Carsta Löck
German postcard by Film-Foto-Verlag, no. A 3531/1, 1941-1944. Photo: Tobis / Star-Foto-Atelier.

Issues of Collective Guilt and Future Rebuilding


During the Second World War, Carsta Löck appeared in supporting parts in lightweight dramas like Mädchen im Vorzimmer/The Girl at the Reception (Gerhard Lamprecht, 1940), featuring Magda Schneider, and in propaganda films like Über alles in der Welt/Above All Else in the World (Karl Ritter, 1941), starring Paul Hartmann.

After the war, her career is unbroken and she played a supporting part in the Rubble film Zwischen gestern und morgen/Between Yesterday and Tomorrow (Harald Braun, 1947) starring Hildegard Knef, Winnie Markus and Sybille Schmitz. In Post-war Germany a group of former guests return to a luxurious Munich hotel where they are haunted by memories of their past interaction with Nelly Dreifuss, a Jewish woman who had died during the Nazi era. As with many other German Rubble films, it examines issues of collective guilt and future rebuilding.

She also appeared in the West-German comedy Film ohne Titel/Film Without a Title (Rudolf Jugert, 1948) with Hans Söhnker and Hildegard Knef. For the DEFA, she appeared in the drama Die Buntkarierten/Girls in Gingham (Kurt Maetzig, 1949) with Camilla Spira. Her resolute appearance in easily remembered support roles helped her to great popularity in the post-war film.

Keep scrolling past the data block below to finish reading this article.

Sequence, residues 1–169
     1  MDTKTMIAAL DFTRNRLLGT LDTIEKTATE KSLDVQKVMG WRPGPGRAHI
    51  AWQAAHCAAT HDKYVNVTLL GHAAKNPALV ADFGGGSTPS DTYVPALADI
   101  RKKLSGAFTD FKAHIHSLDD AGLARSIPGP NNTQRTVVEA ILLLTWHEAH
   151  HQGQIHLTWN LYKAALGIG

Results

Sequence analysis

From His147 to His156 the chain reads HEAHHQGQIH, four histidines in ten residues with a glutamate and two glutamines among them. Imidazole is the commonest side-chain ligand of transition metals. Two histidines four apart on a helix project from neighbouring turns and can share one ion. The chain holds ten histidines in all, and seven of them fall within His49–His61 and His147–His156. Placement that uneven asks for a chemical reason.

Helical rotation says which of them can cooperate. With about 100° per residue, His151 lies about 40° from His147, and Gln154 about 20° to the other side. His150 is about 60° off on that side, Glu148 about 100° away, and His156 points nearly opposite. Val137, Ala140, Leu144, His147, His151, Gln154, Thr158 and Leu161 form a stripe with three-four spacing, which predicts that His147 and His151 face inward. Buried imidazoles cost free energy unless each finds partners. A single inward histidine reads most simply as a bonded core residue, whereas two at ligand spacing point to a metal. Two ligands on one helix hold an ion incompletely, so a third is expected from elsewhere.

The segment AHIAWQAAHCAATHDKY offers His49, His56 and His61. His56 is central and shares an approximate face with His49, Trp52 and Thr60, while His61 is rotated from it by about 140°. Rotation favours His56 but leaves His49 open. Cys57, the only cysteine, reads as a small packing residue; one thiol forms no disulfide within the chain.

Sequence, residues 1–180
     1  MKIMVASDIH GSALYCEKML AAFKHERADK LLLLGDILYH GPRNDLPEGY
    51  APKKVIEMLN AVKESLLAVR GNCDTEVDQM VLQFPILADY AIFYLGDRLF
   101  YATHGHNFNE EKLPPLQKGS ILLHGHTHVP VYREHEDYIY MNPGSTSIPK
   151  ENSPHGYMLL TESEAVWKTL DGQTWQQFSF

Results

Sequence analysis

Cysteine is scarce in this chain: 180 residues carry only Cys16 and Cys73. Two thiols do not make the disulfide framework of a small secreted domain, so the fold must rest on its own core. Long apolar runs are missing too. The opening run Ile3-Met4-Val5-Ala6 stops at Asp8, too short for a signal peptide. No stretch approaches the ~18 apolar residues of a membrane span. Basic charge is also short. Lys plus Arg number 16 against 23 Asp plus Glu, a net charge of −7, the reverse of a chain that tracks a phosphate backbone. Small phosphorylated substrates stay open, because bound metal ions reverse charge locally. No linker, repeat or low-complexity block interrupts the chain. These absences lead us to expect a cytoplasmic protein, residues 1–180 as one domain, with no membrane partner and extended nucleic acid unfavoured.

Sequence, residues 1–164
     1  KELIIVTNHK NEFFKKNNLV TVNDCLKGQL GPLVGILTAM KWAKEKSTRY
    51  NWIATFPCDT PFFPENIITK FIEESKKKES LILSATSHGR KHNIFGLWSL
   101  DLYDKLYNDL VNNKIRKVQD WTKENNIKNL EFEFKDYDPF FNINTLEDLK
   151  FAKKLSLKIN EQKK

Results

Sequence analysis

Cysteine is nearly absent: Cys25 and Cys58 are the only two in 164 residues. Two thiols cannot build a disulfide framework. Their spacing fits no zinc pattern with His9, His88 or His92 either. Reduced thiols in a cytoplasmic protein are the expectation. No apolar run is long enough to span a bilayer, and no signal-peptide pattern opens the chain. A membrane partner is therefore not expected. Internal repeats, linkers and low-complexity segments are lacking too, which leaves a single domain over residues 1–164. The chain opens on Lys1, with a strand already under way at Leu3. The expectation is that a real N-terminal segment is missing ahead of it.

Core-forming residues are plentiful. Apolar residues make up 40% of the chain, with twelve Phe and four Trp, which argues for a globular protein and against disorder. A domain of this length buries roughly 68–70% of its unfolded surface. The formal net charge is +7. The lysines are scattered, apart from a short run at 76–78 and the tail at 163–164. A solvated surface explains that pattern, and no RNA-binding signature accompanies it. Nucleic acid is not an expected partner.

During the 1950s, she continued to appear in supporting parts such as in the comedy Wochenend im Paradies/Weekend in Paradise (Kurt Hoffmann, 1952) starring Paul Dahlke, and the musical comedy Käpt'n Bay-Bay/Captain Bay-Bay (Helmut Käutner, 1953), featuring Hans Albers. Her roles in this period were maids, wives, mothers, housekeepers, secretaries and neighbours. The most notable film of this period was the two-part Thomas Mann adaptation Buddenbrooks (Alfred Weidenmann, 1959).

Her film career drew to a close in the 1960s. Löck returned to the cinema as Krösa-Maja in the Swedish family film Emil i Lönneberga/Emil in Lonneberga (Olle Hellbom, 1971), based on the books by Astrid Lindgren. As Krösa-Maja she told horror stories to the children with goose pimples guarantee. She also appeared in the two sequels, Nya hyss av Emil i Lönneberga/New Mischief by Emil (Olle Hellbom, 1972), and Emil och griseknoen/Emil and the Piglet (Olle Hellbom, 1973). The role made her very popular among children.

Her final film was the German comedy Der Schnüffler/Non Stop Trouble with Spies (Ottokar Rünze, 1983) with Dieter Hallervorden. After that she retired. In 1989 she received the Filmband im Gold, an award for many years of outstanding achievements in the German cinema. Carsta Löck died in Berlin in 1993. She was 90. Since 1963, she was a widow.

Carsta Löck
German postcard by Ross Verlag, no. A 3246/1, 1941-1944. Photo: Tobis / Binz.

Sources: Stephanie D’heil (Steffi-Line – German), Thomas Staedeli (Cyranos), FilmZeit.de (German), Wikipedia (German and English) and IMDb.